Gallery of the Arts
With the Oath of the Horatii, a picture that Jacques-Louis David (1748–1826) chose to paint in Rome, holing up in a studio close to Piazza del Popolo for almost a year, this artist exploded onto the European art scene as the unquestioned champion of a revolution in “history painting.”
He opened the road for new classicism, which was more rigorous than the version preferred by his predecessors Vien and Mengs, putting an end once and for all to all the frivolous simperings of the rococo. Modelled on the masterpieces of classical Antiquity and informed by Winckelmann’s aesthetic theories and the self-righteous confidence of Corneille’s heroes, the paintings of this audacious and talented artist introduced a direct and energetic figurative style that was sober and at the same time eloquent. It embodied perfectly the motto of the brilliant and irrepressible Diderot: “Paint the way they used to speak in Sparta.”
Four years later, at the 1789 Paris Salon, patriotism and ethical urgency, humming emotion and spectacular eloquence oozed from another of David’s masterpieces, the large painting titled The Lictors Bring to Brutus the Bodies of his Sons, which seemed to depict first and foremost the revolutionary fervour that was just then engulfing Paris and was soon to spread to the whole of France.
This monograph, which traces each stage of the great Parisian artist’s evolution, stresses the close link he forged between art and politics. It was this equivalence between aesthetic and political choices that make this artist virtually unique in the history of art, especially in the art prior to the twentieth century. He didn’t confine himself to taking part in the revolutionary events personally, even becoming a member of the government during the Terror, throughout his life his artistic commitment was an integral part of his political conviction. With him, political and ideological thought were hand in glove with his aesthetic sensibility, one nourishing the other and displaying the same modifications at the same time.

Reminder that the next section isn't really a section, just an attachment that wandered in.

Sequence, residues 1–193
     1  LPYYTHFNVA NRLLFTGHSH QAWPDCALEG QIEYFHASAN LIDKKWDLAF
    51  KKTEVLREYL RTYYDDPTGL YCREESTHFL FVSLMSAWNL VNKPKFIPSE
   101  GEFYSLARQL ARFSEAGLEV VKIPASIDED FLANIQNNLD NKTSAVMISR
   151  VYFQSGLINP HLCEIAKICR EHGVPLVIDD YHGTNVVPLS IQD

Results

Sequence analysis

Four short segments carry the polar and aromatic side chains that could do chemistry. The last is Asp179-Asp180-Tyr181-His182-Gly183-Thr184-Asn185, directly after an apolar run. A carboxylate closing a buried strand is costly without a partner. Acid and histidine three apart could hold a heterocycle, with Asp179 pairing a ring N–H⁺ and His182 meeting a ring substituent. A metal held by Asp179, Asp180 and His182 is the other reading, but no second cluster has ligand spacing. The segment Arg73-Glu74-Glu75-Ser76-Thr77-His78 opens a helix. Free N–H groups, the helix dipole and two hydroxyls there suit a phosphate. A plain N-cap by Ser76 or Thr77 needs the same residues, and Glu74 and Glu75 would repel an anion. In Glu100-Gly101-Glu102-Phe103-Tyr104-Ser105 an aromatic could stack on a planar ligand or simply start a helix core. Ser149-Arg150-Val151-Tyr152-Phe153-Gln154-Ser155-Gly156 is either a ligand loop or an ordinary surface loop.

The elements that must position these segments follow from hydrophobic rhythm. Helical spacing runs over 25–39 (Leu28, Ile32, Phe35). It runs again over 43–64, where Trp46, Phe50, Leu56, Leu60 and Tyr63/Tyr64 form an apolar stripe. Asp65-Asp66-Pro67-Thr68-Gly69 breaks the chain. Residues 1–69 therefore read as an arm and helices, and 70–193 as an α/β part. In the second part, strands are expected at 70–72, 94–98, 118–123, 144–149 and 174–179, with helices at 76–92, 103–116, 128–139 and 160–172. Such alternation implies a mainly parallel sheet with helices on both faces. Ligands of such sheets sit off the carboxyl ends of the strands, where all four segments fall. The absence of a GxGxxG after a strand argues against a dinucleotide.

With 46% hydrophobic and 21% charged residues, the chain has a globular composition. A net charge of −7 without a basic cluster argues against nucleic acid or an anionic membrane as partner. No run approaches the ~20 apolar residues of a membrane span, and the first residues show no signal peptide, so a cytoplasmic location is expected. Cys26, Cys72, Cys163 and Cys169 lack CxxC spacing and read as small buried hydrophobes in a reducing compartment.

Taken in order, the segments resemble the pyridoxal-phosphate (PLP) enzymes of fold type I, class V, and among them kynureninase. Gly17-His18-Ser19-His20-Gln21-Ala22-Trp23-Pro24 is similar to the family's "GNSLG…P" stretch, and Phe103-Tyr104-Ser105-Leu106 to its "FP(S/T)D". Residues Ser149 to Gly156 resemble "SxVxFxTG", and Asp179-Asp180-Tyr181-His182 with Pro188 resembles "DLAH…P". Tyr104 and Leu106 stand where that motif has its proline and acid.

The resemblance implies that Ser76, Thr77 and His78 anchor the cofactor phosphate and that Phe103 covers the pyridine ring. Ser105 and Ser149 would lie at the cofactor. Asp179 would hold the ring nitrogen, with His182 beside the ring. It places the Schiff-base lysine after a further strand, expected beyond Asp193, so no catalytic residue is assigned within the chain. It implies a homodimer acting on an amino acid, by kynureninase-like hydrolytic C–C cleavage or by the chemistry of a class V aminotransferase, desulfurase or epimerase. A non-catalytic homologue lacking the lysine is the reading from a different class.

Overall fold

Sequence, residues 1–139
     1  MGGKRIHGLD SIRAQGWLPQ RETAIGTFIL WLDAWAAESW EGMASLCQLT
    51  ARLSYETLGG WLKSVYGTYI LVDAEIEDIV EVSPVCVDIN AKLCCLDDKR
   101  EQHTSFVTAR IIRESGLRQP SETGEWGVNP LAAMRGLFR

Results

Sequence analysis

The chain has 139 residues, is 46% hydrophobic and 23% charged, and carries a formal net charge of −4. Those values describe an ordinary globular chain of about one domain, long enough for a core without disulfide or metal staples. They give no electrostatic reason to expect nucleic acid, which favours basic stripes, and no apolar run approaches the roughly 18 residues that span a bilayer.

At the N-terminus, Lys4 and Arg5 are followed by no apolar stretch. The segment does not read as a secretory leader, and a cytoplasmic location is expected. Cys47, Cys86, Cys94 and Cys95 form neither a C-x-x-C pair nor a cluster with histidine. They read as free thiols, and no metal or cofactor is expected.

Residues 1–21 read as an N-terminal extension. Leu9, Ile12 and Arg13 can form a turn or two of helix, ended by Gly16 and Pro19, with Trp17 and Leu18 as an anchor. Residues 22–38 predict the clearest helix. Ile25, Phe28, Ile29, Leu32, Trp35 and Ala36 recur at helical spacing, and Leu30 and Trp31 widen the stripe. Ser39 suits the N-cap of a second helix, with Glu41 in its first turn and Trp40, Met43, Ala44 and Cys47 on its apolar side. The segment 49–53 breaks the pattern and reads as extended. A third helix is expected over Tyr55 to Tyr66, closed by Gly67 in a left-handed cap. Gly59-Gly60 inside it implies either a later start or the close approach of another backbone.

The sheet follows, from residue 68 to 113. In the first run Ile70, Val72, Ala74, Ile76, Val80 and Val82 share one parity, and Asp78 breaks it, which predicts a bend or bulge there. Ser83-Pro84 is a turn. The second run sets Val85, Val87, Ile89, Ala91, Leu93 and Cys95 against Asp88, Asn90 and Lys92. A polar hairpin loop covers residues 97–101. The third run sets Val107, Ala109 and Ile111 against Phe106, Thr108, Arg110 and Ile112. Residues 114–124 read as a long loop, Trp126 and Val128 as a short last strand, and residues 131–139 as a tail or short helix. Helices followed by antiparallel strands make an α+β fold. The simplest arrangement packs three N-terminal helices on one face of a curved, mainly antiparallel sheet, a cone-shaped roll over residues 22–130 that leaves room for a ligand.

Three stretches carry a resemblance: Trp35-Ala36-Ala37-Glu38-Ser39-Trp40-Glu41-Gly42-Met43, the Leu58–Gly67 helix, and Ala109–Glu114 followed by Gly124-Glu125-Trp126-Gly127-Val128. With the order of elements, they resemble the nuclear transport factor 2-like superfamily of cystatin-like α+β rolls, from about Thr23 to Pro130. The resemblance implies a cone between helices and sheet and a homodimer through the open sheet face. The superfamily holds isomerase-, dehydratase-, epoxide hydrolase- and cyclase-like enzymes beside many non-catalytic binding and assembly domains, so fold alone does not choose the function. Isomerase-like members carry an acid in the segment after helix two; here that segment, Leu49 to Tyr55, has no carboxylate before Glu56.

Antonio Pinelli is professor of the history of modern art at the University of Pisa. He has been the editor of the magazine Ricerche di storia dell’arte since its foundation in 1976. His best known books include: Nel segno di Giano. Passato e futuro nell’arte europea tra Sette e Ottocento (Rome 2000); La bellezza impura. Arte e politica nell’Italia del Rinascimento (Rome-Bari 2004).